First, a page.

The Pomp and Circumstance of the Inauguration

The only part of the inaugural ceremony required by the Constitution is the oath of office.


Congressional Quarterly's comprehensive "Guide to the Presidency" helpfully explains that "the only part of the inaugural ceremony that is required by the Constitution is the taking of the oath of office." If only somebody had bothered to check, we could have wrapped it all up Sunday when Chief Justice John Roberts swore Barack Obama in for his second term, and spared ourselves an extra day's worth of pomp, circumstance and dreadful poetry.

After his swearing-in, "Calvin Coolidge simply went to bed in 1925." George Washington's admirably brief second inaugural clocks in at 135 words. But modern presidents fail to appreciate that for presidential inaugurations, as with presidential activism, less is more. In his first inaugural, in 1993, Bill Clinton suggested that the ritual of presidential anointment brings hope and life to the world: "This ceremony is held in the depth of winter. But, by the words we speak and the faces we show the world, we force the spring."

In his unsettling second inaugural, in the midst of two bloody and seemingly endless wars, an unfazed George W. Bush pledged America to "the ultimate goal of ending tyranny in our world."

Four years ago in his first inaugural, a newly anointed President Obama promised a transformational presidency that would "wield technology's wonders" and "harness the sun and the winds." He decried "the cynics" who dared to "question the scale of our ambitions, who suggest our system cannot tolerate too many big plans."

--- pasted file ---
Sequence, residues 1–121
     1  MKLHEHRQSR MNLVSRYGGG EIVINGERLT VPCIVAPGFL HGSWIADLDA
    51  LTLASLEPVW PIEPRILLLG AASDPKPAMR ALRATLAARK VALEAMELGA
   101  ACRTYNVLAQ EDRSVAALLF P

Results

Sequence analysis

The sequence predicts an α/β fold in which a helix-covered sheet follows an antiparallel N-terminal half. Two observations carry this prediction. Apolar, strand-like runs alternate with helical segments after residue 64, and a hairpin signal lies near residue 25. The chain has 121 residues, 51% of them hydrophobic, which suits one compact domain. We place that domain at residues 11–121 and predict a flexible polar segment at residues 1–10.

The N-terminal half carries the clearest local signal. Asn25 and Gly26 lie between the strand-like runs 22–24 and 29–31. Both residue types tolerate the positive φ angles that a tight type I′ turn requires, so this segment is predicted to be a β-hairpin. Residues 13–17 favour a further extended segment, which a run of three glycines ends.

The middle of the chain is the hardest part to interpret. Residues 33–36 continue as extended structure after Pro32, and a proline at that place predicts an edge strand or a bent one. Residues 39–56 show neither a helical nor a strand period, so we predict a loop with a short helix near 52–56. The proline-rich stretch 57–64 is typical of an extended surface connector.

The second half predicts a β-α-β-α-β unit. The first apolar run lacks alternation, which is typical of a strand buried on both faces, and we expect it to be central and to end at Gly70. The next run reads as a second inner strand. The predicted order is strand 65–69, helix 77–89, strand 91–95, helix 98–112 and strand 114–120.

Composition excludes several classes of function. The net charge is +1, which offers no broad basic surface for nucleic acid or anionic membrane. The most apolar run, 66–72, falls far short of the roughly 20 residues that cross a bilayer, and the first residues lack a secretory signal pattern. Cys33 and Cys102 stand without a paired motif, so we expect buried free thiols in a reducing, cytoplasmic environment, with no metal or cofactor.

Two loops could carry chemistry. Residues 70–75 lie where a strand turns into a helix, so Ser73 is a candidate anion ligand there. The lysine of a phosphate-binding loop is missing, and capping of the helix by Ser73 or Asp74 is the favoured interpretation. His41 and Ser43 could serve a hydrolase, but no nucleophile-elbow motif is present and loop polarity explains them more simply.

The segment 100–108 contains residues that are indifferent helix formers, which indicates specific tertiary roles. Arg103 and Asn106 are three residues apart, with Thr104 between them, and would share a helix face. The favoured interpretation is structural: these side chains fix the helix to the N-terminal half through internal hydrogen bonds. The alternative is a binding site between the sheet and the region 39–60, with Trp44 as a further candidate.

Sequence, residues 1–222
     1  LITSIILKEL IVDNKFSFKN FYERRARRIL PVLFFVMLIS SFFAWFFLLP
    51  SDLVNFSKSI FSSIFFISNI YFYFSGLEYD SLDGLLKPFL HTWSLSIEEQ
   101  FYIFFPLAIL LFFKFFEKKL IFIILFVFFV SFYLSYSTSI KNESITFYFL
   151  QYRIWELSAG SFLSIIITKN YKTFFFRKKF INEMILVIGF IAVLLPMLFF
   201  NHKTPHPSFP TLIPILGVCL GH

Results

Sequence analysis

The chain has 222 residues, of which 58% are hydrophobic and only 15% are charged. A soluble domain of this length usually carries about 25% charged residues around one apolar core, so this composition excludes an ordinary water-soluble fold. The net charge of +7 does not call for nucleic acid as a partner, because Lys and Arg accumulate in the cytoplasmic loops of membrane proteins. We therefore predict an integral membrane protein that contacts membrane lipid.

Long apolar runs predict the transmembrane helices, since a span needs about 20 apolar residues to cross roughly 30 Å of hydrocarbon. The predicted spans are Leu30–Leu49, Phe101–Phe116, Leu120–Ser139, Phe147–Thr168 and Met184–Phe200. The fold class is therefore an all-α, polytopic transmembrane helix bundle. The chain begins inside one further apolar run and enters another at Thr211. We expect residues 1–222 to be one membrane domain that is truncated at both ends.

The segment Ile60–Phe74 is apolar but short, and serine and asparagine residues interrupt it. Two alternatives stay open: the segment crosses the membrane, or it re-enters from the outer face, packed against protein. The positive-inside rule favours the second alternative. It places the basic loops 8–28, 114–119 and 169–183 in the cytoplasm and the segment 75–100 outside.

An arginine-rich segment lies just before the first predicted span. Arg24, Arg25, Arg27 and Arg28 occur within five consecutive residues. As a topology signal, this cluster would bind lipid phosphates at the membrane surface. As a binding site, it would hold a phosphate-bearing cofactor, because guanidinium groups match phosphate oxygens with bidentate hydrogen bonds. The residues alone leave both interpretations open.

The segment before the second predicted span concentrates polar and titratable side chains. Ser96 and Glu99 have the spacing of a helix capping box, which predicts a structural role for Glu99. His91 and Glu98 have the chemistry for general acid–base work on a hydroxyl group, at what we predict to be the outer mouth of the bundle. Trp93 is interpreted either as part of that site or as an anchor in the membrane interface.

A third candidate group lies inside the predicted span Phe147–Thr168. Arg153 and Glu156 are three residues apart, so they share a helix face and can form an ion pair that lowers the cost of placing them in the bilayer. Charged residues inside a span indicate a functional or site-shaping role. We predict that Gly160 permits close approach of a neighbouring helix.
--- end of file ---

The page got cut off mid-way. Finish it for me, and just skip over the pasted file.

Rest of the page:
This time around, the president seems not to have adjusted the scale of his ambitions downward. Columnist Steve Chapman summed it up on Twitter: "Shorter Obama inaugural speech: I'm a liberal. Deal with it."

Would that it had been shorter. Though most of yesterday's address was a high-minded word-souffle, light on specific policy prescriptions, several passages stuck out. For example: "We reject the belief that America must choose between caring for the generation that built this country and investing in the generation that will build its future."

That's an odd response to fiscal reality from the president of the self-styled "reality-based community." As my colleague Mike Tanner noted recently, "if one includes the full future unfunded liabilities of Social Security and Medicare, our real indebtedness could run as high as $129 trillion in current dollars."

"The path towards sustainable energy sources … [is] what will lend meaning to the creed our fathers once declared." I'd thought it was pretty brazen when Energy Secretary Steven Chu dismissed the taxpayers' half-billion-dollar loss in the Solyndra debacle by saying, "One has to take risks in order to promote innovative manufacturing." But at least Chu stopped short of invoking Jefferson for the administration's pet green energy schemes.

"Enduring security and lasting peace do not require perpetual war." It's more brazen still to hear a denunciation of "perpetual war" from the president who has institutionalized it. In the investigative report from The Washington Post last fall that introduced us to the term "disposition matrix" (Obama-Newspeak for "presidential kill list"), we learned that "among senior Obama administration officials, there is a broad consensus that [drone-warfare] operations are likely to be extended at least another decade … no clear end is in sight."

Might I recommend, as a post-inaugural hangover cure, my new e-book, False Idol? In it, I suggest that "Obama's failure might, to borrow one of the president's favorite phrases, serve as a 'teachable moment,' encouraging Americans to better align our expectations with reality."

A president's magic words cannot "force the spring" to come earlier, "end tyranny in our world," suspend budgetary math or make the current welfare-warfare state affordable. It's past time we learned that lesson.

This article originally appeared at The Washington Examiner.